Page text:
34.2% of reviews were completed on the same day submitted.
52% of reviews were completed within 30 days of submittal.
21.5% of reviews were completed between 30-60 days.
13.7% of reviews required more than 60 days for review.
The average number of days for review was 27.46 days.

No attempt was made to categorize delays caused by inadequate or incomplete submittals of required data to engineers or whether or not the engineering department is adequately staffed for such reviews. It is not uncommon for inadequate or incomplete submittals to require additional time for the review process.

Recommendations

Establish time limits for engineering reviews once required submittals are adequate.

Consider contracting engineering reviews to private consultants if necessary to reduce the time required for review.

Consider city sponsored training for contractors, builders, architects, and engineers who pull city permits to inform them of required submittal requirements.

Expedite permit review by granting permits with minimal requirements with instant application and issuance at the permit counter or on-line. Example: A simple residential room addition or a commercial alteration with no change of building use.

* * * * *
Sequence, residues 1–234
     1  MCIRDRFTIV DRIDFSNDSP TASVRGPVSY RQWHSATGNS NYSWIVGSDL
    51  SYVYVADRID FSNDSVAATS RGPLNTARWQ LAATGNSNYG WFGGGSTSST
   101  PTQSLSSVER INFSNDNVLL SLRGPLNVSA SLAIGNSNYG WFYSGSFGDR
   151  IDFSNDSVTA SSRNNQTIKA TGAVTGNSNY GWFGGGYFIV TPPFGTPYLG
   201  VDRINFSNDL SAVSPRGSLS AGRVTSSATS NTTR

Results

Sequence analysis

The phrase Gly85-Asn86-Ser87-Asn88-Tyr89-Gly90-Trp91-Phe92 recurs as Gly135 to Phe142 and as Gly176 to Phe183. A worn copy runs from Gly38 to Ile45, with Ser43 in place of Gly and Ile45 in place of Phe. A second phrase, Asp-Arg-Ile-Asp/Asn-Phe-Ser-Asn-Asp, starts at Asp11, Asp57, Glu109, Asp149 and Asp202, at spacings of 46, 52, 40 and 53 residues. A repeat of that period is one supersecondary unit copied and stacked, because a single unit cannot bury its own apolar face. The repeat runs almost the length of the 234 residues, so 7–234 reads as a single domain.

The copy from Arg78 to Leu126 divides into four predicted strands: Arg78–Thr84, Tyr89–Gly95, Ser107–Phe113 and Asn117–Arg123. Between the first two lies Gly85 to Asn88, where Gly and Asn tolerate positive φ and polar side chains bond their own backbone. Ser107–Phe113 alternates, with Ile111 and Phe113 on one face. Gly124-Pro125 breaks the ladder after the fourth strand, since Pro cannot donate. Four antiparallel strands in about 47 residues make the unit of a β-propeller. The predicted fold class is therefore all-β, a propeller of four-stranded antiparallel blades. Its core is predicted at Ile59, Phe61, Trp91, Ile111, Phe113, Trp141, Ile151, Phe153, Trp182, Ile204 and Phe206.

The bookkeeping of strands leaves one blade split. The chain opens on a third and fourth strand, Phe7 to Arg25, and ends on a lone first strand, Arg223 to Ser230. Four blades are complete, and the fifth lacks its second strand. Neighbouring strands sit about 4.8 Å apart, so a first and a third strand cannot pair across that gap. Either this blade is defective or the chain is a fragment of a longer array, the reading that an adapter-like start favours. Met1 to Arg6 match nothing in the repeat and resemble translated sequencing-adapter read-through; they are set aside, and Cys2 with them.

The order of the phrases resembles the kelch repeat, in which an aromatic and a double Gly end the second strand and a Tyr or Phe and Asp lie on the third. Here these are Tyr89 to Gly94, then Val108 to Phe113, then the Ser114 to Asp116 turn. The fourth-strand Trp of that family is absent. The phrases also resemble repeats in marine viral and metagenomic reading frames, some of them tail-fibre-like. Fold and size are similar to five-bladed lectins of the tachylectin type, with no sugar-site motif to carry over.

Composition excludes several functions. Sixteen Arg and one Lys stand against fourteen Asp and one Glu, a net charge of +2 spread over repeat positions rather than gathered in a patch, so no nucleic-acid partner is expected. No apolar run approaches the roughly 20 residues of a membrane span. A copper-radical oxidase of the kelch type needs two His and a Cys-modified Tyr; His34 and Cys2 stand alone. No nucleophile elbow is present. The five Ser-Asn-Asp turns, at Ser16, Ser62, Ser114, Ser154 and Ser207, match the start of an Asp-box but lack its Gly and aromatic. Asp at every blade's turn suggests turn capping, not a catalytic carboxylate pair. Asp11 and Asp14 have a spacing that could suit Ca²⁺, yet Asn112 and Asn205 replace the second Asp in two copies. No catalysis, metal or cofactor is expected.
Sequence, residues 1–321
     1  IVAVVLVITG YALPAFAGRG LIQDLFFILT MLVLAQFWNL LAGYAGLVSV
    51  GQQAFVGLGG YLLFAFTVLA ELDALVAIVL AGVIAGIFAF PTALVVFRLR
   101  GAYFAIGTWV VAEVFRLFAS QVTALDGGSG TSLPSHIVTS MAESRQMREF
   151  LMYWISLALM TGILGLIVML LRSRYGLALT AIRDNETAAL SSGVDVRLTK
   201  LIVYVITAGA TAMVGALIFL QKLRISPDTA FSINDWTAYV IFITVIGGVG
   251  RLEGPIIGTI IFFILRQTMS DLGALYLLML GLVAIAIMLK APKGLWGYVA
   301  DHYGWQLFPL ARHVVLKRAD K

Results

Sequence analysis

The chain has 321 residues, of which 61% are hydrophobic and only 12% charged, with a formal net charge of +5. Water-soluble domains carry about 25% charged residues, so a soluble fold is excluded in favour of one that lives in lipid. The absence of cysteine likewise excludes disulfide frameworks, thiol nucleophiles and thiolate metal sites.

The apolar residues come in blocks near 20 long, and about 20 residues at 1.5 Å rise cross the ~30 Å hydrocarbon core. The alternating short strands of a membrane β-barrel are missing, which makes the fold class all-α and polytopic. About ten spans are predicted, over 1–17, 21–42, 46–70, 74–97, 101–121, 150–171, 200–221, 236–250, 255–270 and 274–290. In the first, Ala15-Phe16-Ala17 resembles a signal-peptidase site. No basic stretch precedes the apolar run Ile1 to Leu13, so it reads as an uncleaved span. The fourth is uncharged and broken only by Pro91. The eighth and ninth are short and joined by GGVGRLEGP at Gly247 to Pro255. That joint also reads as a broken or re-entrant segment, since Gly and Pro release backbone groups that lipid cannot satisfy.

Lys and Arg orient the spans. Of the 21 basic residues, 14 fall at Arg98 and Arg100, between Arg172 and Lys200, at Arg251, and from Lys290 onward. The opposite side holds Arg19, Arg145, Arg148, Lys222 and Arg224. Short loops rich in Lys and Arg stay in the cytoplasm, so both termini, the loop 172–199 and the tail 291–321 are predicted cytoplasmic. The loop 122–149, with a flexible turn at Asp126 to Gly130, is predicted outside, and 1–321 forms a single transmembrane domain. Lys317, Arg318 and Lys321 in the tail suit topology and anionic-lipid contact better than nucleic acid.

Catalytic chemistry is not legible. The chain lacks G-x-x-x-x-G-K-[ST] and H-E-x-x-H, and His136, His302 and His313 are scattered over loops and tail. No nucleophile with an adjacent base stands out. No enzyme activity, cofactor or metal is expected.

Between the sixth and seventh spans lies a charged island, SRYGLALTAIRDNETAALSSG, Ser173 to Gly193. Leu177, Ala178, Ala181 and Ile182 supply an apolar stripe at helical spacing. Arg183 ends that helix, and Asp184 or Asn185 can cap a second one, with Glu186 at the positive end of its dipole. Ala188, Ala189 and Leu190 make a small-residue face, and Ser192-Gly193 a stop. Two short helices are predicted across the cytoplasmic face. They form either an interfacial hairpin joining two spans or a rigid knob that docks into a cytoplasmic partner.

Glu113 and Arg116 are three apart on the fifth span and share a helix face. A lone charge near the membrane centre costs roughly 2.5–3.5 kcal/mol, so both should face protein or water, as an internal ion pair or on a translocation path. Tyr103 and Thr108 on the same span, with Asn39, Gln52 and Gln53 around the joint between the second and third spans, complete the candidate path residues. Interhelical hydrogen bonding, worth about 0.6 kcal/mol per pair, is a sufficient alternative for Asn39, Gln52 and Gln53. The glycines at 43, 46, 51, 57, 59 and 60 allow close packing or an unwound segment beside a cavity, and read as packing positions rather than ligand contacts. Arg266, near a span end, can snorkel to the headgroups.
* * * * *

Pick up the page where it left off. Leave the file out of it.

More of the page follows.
Sign Permits

Sign permits are issued by the planning department. The planning department monitors zoning and sign maintenance issues. Sign construction often involves electrical, structural, footings and foundations and such structures are required to be in compliance with the city’s building code. The building codes apply to structures as well as buildings.

Recommendation

Require that all sign permits be issued by a certified building official.

Zoning Permits

Zoning permit fees are collected on the building permit application. The planning division reviews the requirements for zoning. Unless a rezoning or variance is requested, many cities allow the building official to issue a building permit upon his inspection and interpretation of the approved zoning map.